Iowa Outdoorsmen are their own breed, and that’s a fact.

Hunting season begins in early September and the Iowa hunters are hitting the fields calling in geese, harvesting doves, and preparing their deer stands for bow season. With one eye on their game, they have another on the Iowa football games. At this time, outdoor sports rival A.M. radio for attention.

As October arrives, they drive right into duck hunting, all-the-while anticipating the deer rut and shotgun season ahead. Meanwhile, trappers are at work in the woods helping farmers control their raccoon and coyote populations.

The Iowa winter comes with a force late December, blanketing the ground with snow and ice. The outdoorsmen take advantage of this, kicking up pheasants while fishermen sit on buckets praying for a few pan fish.

The wet spring arrives, bringing out the fishermen looking for northern pike, crappie, and walleye. The turtle trappers are soon to follow, hitting the backwaters and setting their nets.

Behind the turtle trappers come the mosquitos and summer heat. Now it is the disciplined catfishermen’s turn to venture out at night in hopes of catching the state record.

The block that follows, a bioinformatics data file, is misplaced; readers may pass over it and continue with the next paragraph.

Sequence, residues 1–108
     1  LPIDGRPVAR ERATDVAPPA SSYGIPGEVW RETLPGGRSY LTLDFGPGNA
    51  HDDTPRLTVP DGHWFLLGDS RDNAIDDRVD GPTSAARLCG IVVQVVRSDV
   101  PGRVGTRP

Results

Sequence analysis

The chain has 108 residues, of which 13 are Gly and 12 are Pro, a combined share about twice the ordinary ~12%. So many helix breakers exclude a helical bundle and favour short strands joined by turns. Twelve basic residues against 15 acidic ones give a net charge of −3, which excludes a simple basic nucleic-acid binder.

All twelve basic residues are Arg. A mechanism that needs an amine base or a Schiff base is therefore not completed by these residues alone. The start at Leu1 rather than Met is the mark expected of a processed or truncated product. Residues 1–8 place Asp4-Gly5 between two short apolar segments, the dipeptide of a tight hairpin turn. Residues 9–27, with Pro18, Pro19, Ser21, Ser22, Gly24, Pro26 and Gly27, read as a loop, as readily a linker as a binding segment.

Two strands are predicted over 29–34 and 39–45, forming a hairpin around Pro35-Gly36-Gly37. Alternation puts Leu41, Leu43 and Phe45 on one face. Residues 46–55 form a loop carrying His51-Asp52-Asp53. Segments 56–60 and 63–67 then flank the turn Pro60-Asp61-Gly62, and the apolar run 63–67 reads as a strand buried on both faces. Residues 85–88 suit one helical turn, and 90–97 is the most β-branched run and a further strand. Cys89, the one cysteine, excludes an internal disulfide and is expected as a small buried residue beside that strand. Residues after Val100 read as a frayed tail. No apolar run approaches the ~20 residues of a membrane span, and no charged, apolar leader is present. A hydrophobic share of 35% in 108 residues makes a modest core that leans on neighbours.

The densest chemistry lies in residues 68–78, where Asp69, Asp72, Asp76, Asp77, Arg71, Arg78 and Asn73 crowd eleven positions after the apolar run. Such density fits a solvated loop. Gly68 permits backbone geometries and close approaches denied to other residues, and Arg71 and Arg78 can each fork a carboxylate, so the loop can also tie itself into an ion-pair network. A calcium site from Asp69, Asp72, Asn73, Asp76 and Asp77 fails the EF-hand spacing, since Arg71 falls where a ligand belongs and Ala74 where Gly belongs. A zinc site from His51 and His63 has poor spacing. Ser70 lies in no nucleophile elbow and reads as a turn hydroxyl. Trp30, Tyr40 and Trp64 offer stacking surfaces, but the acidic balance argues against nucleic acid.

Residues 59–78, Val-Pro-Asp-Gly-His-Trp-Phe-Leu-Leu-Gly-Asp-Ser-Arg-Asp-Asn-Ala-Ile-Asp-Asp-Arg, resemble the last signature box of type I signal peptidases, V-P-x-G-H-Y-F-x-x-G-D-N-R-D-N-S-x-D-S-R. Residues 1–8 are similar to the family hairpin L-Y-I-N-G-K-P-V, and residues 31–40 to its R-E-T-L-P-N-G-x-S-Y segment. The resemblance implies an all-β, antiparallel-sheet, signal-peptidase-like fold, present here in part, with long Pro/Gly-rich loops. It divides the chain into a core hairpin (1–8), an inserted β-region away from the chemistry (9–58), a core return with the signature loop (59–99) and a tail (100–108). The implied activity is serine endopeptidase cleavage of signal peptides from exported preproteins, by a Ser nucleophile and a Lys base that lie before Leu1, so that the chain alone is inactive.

With the fast-pace outdoor way of life, the Iowa outdoorsmen have no time to realize the benefits of their actions:

1. Funding Fish and Wildlife Habitat

According to Zohrer (2006), “Fish and wildlife conservation programs in Iowa have been funded nearly entirely from license fees paid by hunters and anglers and by Federal excise taxes collected on hunting and fishing equipment” (p.1).

2. $30 Million to Be Exact

Yes, Iowa Outdoorsmen give $30 million ANNUALLY to fish and wildlife habitat, benefiting the entire ecosystem of Iowa and the entire United States.

3. Only 147 Species are Hunted, Fished or Trapped in Iowa…..

Yet, Iowa Outdoorsmen contribute funds to conserve over 999 Iowa species (Zohrer, 2006, p.1).

Thank you to all Iowa Outdoorsmen for your continued support and contributions to the fish and wildlife of Iowa.

Check out my other article – Iowa Blood Tracking Dogs Are Wagging Their Tails in Excitement

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Justin J. Lind

January 2018
White Buffalo Outdoors


Zohrer, J. J. (2006). Securing a Future For Fish and Wildlife A Conservation Legacy for Iowans.

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